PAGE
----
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Interview with Joseph Benzola

img  Tobias Fischer

Aaron Copland once commented on the end of his composing career: „It was exactly as if someone had simply turned off a faucet.“ Was that what it also felt like to you six years ago?
It was a combination of many different things. I was very unhappy in my work situation and was in the process of opening up my own business. I began to question why I should even bother making music. I don’t know if that particular mental state caused the faucet to shut off or if it would have happened anyway… but it did.
I was sapped of inspiration and really questioned if I should continue or not. Lets face the facts; the rewards for doing this type of music (especially by a relatively unknown) are non existent. There is no money involved, you have to beg to play live and when you do, you are in a less than satisfying situation. Even getting people to listen to the music is a chore because everyone is bombarded daily with thousands of choices and yours is just one. So after being involved with music for over 30 years and taking a mental inventory, I decided not to do anything.

Philip Roth once said asked about the idea of a writer's block: „Amateurs look for inspiration; the rest of us just get up and go to work.“ Why is a sense of „muse“ important to you?
I understand Roth’s point but the thing is, he is a professional writer and makes his living by his art… I do not. I have a day job and first priority is supporting my family, which of course encompasses many different things. I feel that my musical work has to be inspired in order for me to be happy. How many people get up in the morning feeling inspired going to their job? I bet not many! To me, producing work for the sake of producing work is not an aesthetic I can abide by. I do not want to be a professional hack!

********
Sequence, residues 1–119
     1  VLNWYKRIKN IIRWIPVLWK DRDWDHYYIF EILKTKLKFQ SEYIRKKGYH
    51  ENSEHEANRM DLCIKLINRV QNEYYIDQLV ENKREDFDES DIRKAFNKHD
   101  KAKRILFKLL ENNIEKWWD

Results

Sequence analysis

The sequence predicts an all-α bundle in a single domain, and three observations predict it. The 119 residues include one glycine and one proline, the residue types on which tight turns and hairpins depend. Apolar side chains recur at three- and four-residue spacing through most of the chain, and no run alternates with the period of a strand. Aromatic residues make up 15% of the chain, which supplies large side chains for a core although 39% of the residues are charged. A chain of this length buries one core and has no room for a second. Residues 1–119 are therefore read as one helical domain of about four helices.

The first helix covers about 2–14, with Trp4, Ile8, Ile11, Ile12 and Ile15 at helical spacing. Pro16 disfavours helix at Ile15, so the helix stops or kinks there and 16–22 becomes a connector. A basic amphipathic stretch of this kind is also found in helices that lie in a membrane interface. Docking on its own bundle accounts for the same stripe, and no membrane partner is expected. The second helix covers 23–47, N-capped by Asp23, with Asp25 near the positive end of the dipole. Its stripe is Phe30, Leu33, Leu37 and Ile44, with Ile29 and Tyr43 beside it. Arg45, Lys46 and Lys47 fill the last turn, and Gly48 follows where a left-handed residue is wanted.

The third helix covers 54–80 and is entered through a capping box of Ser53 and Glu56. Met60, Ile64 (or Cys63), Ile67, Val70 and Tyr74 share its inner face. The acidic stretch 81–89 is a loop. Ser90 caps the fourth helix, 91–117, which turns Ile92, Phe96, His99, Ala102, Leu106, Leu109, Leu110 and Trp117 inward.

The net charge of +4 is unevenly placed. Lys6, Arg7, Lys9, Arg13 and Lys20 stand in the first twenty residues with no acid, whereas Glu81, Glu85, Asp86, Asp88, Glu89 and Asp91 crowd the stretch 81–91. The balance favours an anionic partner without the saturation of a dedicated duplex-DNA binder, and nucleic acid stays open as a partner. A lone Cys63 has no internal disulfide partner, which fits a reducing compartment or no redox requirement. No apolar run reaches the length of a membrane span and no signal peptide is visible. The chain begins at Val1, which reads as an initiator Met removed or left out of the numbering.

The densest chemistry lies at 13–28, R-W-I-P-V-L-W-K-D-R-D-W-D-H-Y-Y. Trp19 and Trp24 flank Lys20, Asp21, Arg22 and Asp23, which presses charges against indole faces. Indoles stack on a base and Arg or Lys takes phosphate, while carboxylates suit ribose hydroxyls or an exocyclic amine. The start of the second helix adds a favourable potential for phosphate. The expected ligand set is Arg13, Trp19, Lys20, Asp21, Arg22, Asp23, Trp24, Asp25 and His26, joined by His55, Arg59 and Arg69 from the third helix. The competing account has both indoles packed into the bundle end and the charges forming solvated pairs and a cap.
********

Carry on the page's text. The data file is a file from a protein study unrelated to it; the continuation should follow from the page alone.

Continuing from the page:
You mentioned, in 2007, that „my view of the present music scene is not too positive. I see and hear egos that are out of control and music, which does not quite match the egos. I hear music that has lost much in the way of a spiritual connection.“ Was part of your long departure rooted in this disappointment?

Yes that was part of it. I still hear egos out of control and music that does not touch me on any level. The great thing about technology and the Internet as a distribution mechanism is that it has leveled the playing field. The converse of that is with this democracy; anyone with a laptop and audio loops can create and have access to a potential audience. There is some brilliant music created by this process, but there is also a lot of mediocrity, which can pollute the virtual airwaves and make it difficult to navigate and find the gems. As an artist, there is a certain amount of dues, which need to be paid. Having the immediate means of creation and the desire does not quite make a work of art. Maybe I’m a bit of an old fart with this perspective but I truly believe in it